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Potted Gladiolus

Gladiolus

Gladiolus are known for their tall elegance in a garden bed, and as Australian TV personality Dame Edna Everage’s favourite flower, which she calls ‘gladdies’ and which always appear on stage with her.  Today these popular perennials are available as many different hybrids, sporting magnificent, bright colours and trending as pot plants.

Potting Steps

Gladiolus

The first thing to consider when planting Gladiolus in containers is their eventual height of between 60cm and nearly 2m. The shorter the stems, the less staking they will need later on. Choose a container that is at least 30cm deep and 30cm wide.

Consider planting the corms and over-planting with spring-flowering annuals that can be used as a mulch and will keep your pots looking good as the Glads grow. Make sure that your container has good drainage holes as the bulbs don’t like to be waterlogged, and a soggy pot can be a breeding ground for bacteria and lead to rot.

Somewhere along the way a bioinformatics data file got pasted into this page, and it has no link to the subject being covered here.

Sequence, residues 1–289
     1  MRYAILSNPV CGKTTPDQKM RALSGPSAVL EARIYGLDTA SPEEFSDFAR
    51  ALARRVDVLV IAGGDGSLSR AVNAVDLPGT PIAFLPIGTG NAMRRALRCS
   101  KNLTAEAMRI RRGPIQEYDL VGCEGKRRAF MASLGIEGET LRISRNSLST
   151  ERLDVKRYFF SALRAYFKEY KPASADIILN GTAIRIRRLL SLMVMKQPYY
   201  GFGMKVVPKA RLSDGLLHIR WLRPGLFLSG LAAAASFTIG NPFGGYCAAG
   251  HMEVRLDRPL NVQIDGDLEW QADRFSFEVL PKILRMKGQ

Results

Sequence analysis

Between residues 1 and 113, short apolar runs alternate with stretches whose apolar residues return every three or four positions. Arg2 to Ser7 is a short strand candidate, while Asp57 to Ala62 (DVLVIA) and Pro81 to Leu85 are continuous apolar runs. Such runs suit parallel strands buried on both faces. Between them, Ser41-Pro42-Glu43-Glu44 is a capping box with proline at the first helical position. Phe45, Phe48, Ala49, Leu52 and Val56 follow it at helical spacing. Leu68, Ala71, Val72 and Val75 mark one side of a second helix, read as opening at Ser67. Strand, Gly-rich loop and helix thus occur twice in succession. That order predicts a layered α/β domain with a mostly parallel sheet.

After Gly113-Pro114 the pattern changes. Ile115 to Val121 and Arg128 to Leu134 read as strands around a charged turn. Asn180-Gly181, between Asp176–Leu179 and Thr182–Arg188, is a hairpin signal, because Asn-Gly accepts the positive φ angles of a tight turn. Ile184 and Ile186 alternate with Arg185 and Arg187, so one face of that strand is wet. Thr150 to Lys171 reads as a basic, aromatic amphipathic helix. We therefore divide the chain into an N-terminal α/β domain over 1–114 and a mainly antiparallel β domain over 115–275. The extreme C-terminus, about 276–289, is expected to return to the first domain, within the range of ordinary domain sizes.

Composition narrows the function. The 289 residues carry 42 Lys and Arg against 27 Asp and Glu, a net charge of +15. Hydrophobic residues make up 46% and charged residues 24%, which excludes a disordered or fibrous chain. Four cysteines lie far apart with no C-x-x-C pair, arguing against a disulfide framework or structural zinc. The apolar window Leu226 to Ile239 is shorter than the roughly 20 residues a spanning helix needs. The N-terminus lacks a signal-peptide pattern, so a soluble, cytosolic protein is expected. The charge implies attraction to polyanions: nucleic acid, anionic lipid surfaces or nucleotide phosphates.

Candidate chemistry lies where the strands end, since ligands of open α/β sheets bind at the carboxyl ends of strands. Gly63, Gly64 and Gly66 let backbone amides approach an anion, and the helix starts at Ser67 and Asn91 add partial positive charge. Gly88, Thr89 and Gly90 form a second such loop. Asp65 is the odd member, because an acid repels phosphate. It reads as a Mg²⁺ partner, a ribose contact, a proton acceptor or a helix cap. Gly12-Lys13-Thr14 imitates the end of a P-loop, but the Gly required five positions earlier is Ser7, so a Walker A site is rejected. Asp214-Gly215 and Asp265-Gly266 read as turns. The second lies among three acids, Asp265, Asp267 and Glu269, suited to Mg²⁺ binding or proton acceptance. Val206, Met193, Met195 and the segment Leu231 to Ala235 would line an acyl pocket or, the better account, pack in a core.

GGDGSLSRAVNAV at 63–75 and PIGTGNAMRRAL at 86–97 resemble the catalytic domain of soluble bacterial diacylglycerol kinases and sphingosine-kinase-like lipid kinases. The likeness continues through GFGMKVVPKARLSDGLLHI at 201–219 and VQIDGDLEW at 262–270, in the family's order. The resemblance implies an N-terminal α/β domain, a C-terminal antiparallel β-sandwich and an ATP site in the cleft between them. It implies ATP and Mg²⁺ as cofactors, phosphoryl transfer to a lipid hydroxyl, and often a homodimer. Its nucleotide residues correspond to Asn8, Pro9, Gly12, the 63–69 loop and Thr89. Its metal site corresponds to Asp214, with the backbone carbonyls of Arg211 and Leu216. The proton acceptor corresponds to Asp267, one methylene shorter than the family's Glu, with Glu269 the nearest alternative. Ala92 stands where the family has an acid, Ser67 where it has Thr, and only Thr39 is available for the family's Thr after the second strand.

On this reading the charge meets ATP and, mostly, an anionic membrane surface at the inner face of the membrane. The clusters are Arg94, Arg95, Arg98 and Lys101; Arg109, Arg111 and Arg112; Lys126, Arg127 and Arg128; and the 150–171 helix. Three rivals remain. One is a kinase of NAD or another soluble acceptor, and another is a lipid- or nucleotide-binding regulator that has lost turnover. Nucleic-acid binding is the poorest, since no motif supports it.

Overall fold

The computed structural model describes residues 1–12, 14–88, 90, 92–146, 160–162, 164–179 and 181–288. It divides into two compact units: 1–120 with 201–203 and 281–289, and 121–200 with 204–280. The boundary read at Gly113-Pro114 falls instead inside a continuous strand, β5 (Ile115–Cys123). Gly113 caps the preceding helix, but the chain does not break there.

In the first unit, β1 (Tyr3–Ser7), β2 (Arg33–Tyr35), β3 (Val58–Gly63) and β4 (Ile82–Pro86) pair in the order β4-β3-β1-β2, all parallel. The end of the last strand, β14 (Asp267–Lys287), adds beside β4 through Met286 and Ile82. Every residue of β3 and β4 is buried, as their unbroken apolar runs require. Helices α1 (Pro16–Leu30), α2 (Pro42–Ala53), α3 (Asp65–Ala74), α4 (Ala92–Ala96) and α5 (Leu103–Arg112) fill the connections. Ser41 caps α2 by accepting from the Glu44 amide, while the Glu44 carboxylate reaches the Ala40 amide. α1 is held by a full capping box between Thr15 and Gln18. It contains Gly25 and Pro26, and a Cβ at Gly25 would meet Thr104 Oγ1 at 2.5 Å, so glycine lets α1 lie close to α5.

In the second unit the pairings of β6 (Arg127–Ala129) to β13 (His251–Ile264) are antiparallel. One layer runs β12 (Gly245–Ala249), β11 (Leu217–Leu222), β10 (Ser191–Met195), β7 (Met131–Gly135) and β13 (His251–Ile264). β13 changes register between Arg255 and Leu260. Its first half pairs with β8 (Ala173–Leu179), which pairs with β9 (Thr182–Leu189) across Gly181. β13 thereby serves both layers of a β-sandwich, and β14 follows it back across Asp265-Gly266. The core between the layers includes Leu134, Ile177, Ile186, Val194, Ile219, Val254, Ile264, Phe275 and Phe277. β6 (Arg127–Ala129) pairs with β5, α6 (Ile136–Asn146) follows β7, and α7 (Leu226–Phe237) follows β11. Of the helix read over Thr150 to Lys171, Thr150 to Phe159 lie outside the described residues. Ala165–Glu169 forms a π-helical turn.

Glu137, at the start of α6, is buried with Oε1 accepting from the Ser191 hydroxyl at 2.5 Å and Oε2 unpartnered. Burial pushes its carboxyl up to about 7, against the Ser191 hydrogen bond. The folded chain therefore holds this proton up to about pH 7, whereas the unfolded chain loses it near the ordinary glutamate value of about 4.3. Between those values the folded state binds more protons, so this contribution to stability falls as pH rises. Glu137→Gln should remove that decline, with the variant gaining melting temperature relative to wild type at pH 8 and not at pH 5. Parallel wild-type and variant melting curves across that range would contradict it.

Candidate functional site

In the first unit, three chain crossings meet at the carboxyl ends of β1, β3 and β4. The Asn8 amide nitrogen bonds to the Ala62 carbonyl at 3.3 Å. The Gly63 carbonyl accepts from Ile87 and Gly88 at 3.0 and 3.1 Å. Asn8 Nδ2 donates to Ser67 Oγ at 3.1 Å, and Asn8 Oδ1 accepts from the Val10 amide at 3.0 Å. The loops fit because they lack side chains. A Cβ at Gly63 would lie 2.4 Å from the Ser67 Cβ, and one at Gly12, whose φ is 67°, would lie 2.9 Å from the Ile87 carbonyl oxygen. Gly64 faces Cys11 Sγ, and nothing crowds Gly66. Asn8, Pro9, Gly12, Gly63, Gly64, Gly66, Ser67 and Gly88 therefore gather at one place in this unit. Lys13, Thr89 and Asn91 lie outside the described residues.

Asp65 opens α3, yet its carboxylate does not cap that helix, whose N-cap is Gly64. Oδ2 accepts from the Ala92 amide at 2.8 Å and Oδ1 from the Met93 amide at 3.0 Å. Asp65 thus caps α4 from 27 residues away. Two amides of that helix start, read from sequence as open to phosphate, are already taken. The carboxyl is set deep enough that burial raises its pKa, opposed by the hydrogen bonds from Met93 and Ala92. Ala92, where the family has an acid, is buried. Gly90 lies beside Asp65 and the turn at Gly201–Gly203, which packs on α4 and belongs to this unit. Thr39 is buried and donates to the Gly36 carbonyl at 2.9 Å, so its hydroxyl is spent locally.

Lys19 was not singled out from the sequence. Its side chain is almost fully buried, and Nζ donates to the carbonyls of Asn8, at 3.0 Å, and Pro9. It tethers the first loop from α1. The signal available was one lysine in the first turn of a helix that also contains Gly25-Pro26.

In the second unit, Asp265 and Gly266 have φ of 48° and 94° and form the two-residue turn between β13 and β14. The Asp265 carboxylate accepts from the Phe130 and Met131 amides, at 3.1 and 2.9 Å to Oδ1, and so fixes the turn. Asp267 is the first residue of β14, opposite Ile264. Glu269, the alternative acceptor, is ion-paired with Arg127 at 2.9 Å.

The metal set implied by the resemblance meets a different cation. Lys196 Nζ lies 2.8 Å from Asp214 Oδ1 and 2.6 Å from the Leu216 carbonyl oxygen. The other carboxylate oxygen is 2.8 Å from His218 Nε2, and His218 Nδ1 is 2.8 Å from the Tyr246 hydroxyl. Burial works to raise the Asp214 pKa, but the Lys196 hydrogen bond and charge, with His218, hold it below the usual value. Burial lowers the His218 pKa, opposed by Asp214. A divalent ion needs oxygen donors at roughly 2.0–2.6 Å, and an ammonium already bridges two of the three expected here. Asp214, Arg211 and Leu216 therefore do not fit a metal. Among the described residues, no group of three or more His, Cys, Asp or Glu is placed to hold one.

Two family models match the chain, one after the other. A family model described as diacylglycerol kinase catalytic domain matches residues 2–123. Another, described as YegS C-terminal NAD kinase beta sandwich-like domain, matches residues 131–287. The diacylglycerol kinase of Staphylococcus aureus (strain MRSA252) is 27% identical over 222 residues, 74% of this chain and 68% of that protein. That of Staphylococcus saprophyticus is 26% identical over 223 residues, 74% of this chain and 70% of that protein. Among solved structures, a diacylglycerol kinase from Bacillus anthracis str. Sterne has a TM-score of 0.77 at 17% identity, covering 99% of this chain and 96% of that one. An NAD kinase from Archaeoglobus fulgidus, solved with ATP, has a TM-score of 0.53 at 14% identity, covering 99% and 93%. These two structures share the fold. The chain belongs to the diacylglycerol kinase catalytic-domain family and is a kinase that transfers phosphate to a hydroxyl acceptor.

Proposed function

Add a layer of gravel on the bottom and fill with a good quality potting soil. The corms need to be planted 8 – 15cm deep and 5 – 7cm apart, with the flat side down. Water well after planting and add a layer of mulch (especially if you don’t over-plant with annuals). Give the Gladiolus a good watering once a week, or more often in a hot, dry environment.

Find a sheltered sunny position for your container. Once the plants have started blooming, deadhead to ensure continuous growth. When the flowers have stopped blooming the foliage will continue to produce food for the corms for the next season. Leave the foliage as is and continue watering until the leaves turn yellow and brown and dry up. Empty the pot to recover the bulbs. Leave the soil around the corms to dry and then brush off and store in a cool, dry place until the following year.

Gladiolus
Gladiolus

For the Vase

Gladiolus

When cutting for the vase, cut off the plant and then recut them underwater to promote longer lasting flowers.

Garden Tips

Here are our tips for planting your glads in the garden:

  • Plant in groups for a dramatic effect.
  • Glads prefer soils that are on the sandy side, for drainage. Add compost and loosen soil to a depth of 20cm. Drainage is key, so don’t plant in clay soils. Rather go for the potted option.
  • Plant in full sun.
  • Stake if necessary.
  • Don’t allow the soil to dry out, but don’t overwater.
  • Spray against fungal diseases and insects if needed.